if this kindness is to be, now is the time." So she called the slaves and sent them for cloth packers, then, opening a store house, brought out ten loads of stuffs, which they made up into bales for him. Such was his case; but as regards his father, Shams al-Din, he looked about and failed to find Ala al-Din in the garden and enquiring after him, was told that he had mounted mule and gone home; so he too mounted and followed him. Now when he entered the house, he saw the bales ready bound and asked what they were; whereupon his wife told him what had chanced between Ala al-Din and the sons of the merchants; and he cried, "O my son, Allah's malison on travel and stranger-hood! Verily Allah's Apostle (whom the Lord bless and preserve!) hath said, 'It is of a man's happy fortune that he eat his daily bread in his own land', and it was said of the ancients, 'Leave travel, though but for a mile.'" Then quoth he to his son, "Say, art thou indeed resolved to travel and wilt thou not turn back from it?" Quoth the other, "There is no help for it but that I journey to Baghdad with merchandise, else will I doff clothes and don dervish gear and fare a-wandering over the world." Shams al-Din rejoined, "I am no penniless pauper but have great plenty of wealth;" then he showed him all he owned of monies and stuffs and stock-in-trade and observed, "With me are stuffs and merchandise befitting every country in the world." Then he showed him among the rest, forty bales ready bound, with the price, a thousand dinars, written on each, and said, "O my son take these forty loads, together with the ten which thy mother gave thee, and set out under the safeguard of Almighty Allah. But, O my child, I fear for thee a certain wood in thy way, called the Lion's Copse, and a valley highs the Vale of Dogs, for there lives are lost without mercy." He said, "How so, O my father?"; and he replied, "Because of a Badawi bandit named Ajlan." Quoth Ala al-Din, "Such is Allah's luck; if any share of it be mine, no harm shall hap to me." Then they rode to the cattle bazar, where behold, a cameleer alighted from his she mule and kissing the Consul's hand, said to him, "O my lord, it is long, by Allah,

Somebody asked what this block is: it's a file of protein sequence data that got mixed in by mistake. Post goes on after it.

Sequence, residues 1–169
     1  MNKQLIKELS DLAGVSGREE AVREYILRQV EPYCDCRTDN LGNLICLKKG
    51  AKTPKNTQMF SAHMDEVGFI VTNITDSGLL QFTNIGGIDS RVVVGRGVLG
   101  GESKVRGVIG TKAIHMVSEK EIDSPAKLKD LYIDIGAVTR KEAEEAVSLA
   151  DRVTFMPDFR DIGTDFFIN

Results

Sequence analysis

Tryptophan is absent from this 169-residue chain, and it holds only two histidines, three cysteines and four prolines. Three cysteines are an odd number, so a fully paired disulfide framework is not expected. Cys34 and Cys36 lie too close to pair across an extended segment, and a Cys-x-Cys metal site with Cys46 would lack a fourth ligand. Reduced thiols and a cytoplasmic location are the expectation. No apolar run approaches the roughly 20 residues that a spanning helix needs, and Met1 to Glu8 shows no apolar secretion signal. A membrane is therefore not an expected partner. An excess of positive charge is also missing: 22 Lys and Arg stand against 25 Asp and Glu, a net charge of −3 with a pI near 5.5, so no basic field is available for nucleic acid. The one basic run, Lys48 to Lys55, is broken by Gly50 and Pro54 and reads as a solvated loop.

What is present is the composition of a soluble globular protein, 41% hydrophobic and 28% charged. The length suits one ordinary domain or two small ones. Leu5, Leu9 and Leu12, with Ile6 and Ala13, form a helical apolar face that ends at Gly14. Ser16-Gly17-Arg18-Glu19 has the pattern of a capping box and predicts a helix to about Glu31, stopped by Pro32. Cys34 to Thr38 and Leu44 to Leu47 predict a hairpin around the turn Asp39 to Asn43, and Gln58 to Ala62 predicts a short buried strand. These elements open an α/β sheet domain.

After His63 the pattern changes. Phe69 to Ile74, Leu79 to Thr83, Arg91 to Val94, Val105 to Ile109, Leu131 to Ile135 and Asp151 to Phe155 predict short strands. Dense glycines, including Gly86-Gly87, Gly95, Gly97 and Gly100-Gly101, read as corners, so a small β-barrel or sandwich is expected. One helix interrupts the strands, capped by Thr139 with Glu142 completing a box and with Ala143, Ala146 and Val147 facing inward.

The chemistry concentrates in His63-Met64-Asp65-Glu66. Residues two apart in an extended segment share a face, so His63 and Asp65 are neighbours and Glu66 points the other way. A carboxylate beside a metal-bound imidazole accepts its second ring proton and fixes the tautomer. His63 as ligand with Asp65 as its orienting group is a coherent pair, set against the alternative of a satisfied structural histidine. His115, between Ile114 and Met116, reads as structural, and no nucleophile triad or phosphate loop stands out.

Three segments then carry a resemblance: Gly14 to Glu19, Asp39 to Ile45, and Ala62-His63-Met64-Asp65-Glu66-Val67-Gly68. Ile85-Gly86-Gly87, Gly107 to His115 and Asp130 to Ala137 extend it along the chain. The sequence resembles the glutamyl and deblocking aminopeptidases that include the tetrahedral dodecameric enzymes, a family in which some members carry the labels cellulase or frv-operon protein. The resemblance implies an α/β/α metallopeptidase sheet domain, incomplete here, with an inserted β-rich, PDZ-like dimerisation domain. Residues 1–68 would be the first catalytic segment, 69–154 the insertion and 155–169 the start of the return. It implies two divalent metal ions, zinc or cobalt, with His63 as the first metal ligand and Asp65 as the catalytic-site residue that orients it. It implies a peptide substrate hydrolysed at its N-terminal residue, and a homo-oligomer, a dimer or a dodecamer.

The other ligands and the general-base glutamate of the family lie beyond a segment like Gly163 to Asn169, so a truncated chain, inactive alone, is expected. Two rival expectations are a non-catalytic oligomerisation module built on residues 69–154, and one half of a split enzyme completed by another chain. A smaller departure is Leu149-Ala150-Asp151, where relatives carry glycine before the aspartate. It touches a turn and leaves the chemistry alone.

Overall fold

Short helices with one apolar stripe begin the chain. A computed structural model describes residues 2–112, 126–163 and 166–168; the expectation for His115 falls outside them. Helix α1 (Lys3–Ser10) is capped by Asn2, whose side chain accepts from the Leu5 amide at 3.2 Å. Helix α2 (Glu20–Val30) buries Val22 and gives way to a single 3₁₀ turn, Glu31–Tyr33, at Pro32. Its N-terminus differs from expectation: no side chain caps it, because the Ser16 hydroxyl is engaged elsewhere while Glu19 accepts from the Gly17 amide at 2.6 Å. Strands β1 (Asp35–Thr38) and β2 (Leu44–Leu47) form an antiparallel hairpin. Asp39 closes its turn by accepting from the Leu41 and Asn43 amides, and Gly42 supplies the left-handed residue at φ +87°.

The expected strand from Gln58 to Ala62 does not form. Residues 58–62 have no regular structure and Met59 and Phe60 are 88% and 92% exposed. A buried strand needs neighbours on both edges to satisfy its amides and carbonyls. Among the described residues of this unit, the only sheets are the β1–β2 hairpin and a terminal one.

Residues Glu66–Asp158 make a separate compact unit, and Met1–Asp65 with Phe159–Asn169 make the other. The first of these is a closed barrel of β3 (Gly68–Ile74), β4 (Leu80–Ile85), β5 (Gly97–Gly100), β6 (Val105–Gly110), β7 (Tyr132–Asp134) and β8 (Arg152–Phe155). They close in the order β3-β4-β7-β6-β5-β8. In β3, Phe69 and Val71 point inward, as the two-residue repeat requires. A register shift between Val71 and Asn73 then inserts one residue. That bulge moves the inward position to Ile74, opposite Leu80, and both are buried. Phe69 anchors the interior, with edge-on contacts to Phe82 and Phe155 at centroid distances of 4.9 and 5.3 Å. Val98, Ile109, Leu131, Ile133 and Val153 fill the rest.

- Arab. "Ghábah" = I have explained as a low-lying place where the growth is thickest and consequently animals haunt it during the noon-heats
- Arab. "Akkám," one who loads camels and has charge of the luggage. He also corresponds with the modern Mukharrij or camel-hirer (Pilgrimage i. 339), and hence the word Moucre (Moucres) which, first used by La Brocquière (A.D. 1432), is still the only term known to the French.